Ablution rooms renovations finish behind schedule
The Carleton University Students’ Association (CUSA) recently completed renovations on the ablution rooms at Carleton, which serve students who need to wash themselves before praying.
A previous article in The Charlatan reported that renovations were scheduled to be completed in April 2017, but they ended up being extended through the entire summer. The room officially re-opened during the first week of classes, according to CUSA president Zameer Masjedee.
Both the male and female ablution rooms are located on the second floor of the University Centre, down the hall from the Multi-Faith Centre’s prayer room. While the men’s room is a separate space, the women’s ablution room is located within a washroom.
Biftu Hulo, president of the Carleton University Muslim Students’ Association (CUMSA), said she’s very happy with the renovations.
“I think it was really well done . . . compared to what it was before,” Hulo said.
She said prior to the renovations, some of the faucets didn’t work and there were holes in the wall.
Trevor Stewart, director of capital development and construction services at Carleton, said part of the reason the construction took so long was because a lot of electrical and plumbing work was required. While the project was initially supposed to be solely cosmetic, they ended up making some major changes so the rooms would be more accessible, Stewart said.
But, Hulo said the women’s ablution room is still inaccessible, as there are stairs in front of the washing station, while the men’s side has room for a wheelchair and a detachable shower head.
“If a sister needed to use the men’s ablutions room, I don’t think there would be that much of an issue with it,” she explained.
Masjedee said the project was initially quoted at $86,000 on June 14, but costs rose due to accessibility concerns. While CUSA is still waiting on the final invoice, he said they anticipate the final cost will exceed $100,000.
In March, then-CUSA president Fahd Alhattab told The Charlatan the renovations would cost about $180,000.
The cost of the construction was split between CUSA’s budget for the last two years, but Masjedee said he still thinks the university has a responsibility to contribute.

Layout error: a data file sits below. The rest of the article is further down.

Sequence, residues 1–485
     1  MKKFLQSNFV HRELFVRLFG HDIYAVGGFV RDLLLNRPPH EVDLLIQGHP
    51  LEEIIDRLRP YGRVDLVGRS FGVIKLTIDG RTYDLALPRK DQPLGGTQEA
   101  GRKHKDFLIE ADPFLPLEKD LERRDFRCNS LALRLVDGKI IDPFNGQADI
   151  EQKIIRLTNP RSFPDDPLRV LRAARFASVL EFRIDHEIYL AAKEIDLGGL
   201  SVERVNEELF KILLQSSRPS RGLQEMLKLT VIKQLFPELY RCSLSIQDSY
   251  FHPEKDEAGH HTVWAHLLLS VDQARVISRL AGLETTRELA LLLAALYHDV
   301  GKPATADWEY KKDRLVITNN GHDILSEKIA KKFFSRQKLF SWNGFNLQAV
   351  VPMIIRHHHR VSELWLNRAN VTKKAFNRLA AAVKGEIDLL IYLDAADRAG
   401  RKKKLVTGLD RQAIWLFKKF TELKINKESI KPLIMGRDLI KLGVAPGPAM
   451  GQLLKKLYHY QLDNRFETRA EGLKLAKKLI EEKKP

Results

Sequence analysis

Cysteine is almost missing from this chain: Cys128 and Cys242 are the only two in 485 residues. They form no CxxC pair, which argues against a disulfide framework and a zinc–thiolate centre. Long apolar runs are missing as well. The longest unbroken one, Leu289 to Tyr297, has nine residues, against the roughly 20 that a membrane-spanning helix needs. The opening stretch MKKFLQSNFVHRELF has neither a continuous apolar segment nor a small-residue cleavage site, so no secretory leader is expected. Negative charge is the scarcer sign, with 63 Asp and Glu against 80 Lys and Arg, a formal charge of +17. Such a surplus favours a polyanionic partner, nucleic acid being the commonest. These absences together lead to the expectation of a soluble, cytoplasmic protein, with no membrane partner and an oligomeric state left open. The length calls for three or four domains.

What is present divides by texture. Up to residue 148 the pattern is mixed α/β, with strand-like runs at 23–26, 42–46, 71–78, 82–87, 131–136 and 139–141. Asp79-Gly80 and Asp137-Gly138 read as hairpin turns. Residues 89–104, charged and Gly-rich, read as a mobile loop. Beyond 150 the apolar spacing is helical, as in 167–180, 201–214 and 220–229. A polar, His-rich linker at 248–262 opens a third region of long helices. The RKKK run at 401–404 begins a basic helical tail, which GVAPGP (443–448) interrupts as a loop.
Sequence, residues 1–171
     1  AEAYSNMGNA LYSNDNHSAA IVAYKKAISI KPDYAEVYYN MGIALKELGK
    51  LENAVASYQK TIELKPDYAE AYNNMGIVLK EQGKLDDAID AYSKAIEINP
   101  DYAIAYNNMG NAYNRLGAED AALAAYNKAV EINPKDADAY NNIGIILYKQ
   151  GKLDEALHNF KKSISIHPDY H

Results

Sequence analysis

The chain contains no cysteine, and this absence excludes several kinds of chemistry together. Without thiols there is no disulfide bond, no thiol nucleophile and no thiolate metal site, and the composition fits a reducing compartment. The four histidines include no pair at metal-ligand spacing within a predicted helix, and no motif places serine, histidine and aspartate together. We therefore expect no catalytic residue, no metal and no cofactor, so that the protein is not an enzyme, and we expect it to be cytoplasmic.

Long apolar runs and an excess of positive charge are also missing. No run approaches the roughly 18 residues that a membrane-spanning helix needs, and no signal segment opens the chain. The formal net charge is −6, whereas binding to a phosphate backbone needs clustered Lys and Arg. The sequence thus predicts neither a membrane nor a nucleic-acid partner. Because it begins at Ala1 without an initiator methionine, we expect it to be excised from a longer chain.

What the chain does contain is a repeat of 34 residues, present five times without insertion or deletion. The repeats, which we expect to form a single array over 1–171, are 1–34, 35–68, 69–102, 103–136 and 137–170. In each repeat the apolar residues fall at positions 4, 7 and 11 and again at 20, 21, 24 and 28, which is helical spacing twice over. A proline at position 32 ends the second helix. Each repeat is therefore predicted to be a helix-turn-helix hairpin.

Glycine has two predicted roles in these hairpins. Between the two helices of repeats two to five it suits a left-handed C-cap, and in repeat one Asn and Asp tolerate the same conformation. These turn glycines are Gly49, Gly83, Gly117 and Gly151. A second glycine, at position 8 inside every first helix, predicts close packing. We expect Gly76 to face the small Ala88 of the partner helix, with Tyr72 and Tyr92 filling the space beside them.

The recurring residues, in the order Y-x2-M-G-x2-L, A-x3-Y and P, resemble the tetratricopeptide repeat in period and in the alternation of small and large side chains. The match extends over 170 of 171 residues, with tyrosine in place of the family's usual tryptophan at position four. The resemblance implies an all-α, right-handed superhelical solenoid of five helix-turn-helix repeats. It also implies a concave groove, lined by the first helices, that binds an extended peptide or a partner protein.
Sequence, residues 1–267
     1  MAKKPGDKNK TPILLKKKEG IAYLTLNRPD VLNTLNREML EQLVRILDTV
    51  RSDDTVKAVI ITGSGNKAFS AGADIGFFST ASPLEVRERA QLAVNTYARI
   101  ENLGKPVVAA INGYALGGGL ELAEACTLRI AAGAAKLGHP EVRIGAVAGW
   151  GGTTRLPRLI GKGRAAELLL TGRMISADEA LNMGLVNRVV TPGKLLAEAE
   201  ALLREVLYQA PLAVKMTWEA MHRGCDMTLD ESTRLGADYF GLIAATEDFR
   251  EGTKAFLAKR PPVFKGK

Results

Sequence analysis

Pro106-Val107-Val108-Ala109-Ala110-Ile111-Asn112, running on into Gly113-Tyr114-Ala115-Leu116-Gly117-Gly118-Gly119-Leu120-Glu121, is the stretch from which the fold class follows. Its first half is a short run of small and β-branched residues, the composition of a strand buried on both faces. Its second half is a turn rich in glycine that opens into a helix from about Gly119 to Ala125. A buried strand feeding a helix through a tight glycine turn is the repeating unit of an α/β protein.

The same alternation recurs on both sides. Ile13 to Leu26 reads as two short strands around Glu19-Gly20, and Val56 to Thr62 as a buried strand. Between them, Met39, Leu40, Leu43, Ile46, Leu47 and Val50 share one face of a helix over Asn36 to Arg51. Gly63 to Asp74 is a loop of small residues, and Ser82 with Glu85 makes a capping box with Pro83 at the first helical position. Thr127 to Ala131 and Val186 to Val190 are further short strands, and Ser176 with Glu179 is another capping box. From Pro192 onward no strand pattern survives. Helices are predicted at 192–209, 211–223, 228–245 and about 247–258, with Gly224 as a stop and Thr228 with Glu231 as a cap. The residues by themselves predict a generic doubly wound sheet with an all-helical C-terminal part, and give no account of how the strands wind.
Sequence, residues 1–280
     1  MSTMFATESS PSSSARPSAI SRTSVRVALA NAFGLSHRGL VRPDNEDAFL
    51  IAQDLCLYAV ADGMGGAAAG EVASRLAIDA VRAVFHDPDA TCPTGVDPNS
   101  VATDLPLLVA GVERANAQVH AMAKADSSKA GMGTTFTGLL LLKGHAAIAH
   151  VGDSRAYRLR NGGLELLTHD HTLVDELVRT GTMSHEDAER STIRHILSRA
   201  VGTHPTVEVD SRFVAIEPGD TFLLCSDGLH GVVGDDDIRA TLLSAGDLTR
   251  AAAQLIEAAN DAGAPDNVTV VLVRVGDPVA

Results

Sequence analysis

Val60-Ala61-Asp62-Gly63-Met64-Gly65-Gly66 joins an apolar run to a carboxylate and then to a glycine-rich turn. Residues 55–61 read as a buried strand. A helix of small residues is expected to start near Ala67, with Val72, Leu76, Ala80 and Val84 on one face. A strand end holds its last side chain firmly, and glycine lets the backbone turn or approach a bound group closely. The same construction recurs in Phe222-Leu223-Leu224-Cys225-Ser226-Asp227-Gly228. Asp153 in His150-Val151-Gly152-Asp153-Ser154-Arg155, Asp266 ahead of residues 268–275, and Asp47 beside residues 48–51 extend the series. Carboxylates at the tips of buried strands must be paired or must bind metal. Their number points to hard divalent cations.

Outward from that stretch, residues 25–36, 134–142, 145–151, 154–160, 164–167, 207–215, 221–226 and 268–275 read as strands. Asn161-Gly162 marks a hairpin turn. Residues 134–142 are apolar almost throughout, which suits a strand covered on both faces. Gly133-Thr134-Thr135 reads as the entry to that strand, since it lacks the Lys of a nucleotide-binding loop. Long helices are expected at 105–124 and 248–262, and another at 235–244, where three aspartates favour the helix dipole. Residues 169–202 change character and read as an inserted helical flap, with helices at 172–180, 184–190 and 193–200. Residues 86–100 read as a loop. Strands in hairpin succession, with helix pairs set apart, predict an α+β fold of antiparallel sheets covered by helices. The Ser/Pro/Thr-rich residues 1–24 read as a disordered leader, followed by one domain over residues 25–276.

“The initial call to action was sort of to the university, as well, to help with some of the funding for this because it was an expensive project,” he said.
A few weeks after construction was completed, the university agreed to pay $30,000 to help with construction costs, he said.
“CUSA’s really happy with that contribution,” Masjedee added.
Stewart, who worked with CUSA during the construction process, said the decision to help fund the project came from upper management. He said there’s a few factors that affect whether the university will agree to cost-share, but said religious affiliation was “not at all” a factor.
According to Masjedee, the project began when it was brought to CUSA’s attention by the university’s Muslim community. CUMSA was consulted on the renovations, according to a previous article in The Charlatan.
Michel Piché, Carleton’s vice-president (finance and administration) said in an email that “Carleton maintains a program on ongoing capital maintenance to upgrade older facilities on campus. In this particular case, the University covered the costs of the structural work required including plumbing and electrical, which we would normally do.”
Piché added that the university worked with CUSA to accommodate accessibility needs into the plans for the room.
“We don’t have specific criteria when reviewing these projects and look at them on a case by case basis assessing the needs of the client,” Piché said.
Masjedee said the renovated rooms are an accomplishment for both Carleton and the Ottawa community.
“It’s actually one of the only accessible ones in the entire city. What we’re hoping for is maybe using it as an example of what an accessible ablution room could sort of look like, and it’s really nice to see that Carleton is sort of leading the way in terms of that,” he said.
Photo by Aaron Hemens